Trump says the US has 'all the cards' on a potential TikTok sale as he doubles down on demand that the government get a 'very big' cut
Trump defended his threat to condition the sale of TikTok to an American company on the US government receiving a "very big proportion" of the deal during a press conference Tuesday. "We have all the cards, without us you can't come into the United States," Trump said. Trump did not elaborate on how he plans to require the companies to pay up or which side the money would come from, but claimed that TikTok and Microsoft — which are in acquisition talks — both agreed that the US should receive a payout. Trump threatened to ban the app from operating in the US last month, citing national security concerns, though it's unclear what authority he has to do that. China responded by calling the US a "rogue country" and arguing Trump's proposal would be an "open robbery." Visit Business Insider's homepage for more stories.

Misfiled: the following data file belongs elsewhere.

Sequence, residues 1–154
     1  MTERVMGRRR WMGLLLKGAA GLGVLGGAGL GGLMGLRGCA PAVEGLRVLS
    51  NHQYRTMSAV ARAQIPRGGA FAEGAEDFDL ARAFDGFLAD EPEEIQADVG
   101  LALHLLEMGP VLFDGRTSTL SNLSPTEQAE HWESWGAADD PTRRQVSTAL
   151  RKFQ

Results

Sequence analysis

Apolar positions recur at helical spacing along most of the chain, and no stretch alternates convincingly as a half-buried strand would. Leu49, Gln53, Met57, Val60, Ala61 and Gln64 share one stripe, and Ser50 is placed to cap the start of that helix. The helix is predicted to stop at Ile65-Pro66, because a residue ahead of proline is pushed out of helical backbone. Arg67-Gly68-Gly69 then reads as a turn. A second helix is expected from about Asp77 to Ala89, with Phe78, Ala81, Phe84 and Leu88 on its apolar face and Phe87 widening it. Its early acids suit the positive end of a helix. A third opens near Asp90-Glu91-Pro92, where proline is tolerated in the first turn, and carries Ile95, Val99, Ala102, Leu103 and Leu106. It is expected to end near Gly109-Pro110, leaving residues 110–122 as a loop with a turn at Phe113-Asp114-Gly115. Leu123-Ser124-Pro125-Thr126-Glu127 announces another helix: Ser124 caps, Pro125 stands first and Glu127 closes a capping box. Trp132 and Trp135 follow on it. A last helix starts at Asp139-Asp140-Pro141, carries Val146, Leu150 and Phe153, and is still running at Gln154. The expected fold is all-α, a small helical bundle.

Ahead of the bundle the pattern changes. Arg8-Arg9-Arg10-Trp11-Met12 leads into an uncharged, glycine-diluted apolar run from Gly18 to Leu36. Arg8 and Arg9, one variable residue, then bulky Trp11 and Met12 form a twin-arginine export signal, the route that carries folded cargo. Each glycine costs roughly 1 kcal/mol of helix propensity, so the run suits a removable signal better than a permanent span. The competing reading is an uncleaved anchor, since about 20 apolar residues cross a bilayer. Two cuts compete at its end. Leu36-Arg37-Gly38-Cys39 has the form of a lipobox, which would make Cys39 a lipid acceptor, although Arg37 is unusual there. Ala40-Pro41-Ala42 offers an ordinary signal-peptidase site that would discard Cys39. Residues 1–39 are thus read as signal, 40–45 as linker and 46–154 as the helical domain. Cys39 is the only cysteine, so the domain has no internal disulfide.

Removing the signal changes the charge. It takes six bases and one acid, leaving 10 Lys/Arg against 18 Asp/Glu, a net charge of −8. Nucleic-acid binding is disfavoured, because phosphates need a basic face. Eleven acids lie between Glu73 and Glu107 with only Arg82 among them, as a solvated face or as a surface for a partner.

President Donald Trump doubled down on his demand that any sale of TikTok to an American company involve the US government receiving a "very big proportion." "We have all the cards, without us you can't come into the United States," Trump said during a press conference Tuesday. "If they make a deal for TikTok, whether it's the 30% in the United States or the whole company, I say, 'it's okay, but if you do that, we're really making it possible because we're letting you operate here," Trump said, adding that "the United States Treasury would have to benefit also." Trump also claimed that both TikTok and Microsoft — which confirmed Sunday that it's in talks to buy the viral video app developer — agreed with his condition of cutting the US government in on the deal. TikTok has reportedly been privately valued as high as $50 billion. "They understood that, and actually they agreed with me," Trump said. "I think they agreed with me very much." A Microsoft spokesperson referred Business Insider to a blog post the company published Sunday saying that it plans to continue talks with TikTok following a conversation between CEO Satya Nadella and Trump. "Microsoft fully appreciates the importance of addressing the President's concerns. It is committed to acquiring TikTok subject to a complete security review and providing proper economic benefits to the United States, including the United States Treasury," the post said. TikTok did not immediately respond to a request for comment on this story. The president didn't offer any specifics as to how he would force TikTok, which is owned by Chinese-based parent company ByteDance, or a potential buyer to share deal proceeds with the US government. Trump has the authority under a 1988 law to block foreign business deals pertaining to US companies if he considers the deals to be a national security threat, which he has used twice before to block deals involving firms from China and Singapore that were looking to acquire American companies. Chinese state media called Trump's proposal "open robbery" and a "smash and grab," and accused him of "turning the once great America into a rogue country." Trump threatened last month to ban the app from operating in the US entirely, but it's unclear what power he has to completely ban an app from the country. Trump said the ban was meant to punish China over the coronavirus, a motivation he reiterated Tuesday. Trump and other politicians including Joe Biden have ratcheted up their rhetoric against TikTok in recent months, citing concerns that the app could share data with Beijing or spy on Americans. However, experts have pointed out that the app collects user data in similar ways to US-based competitors like Facebook. Trump added that he thought Microsoft would be an acceptable buyer because of its "high-level" security clearances, which already allow it to do business with the Department of Defense and other federal agencies — though he said other companies are interested as well. Paige Leskin contributed reporting for this story.Join the conversation about this story » NOW WATCH: July 15 is Tax Day — here's what it's like to do your own taxes for the very first time
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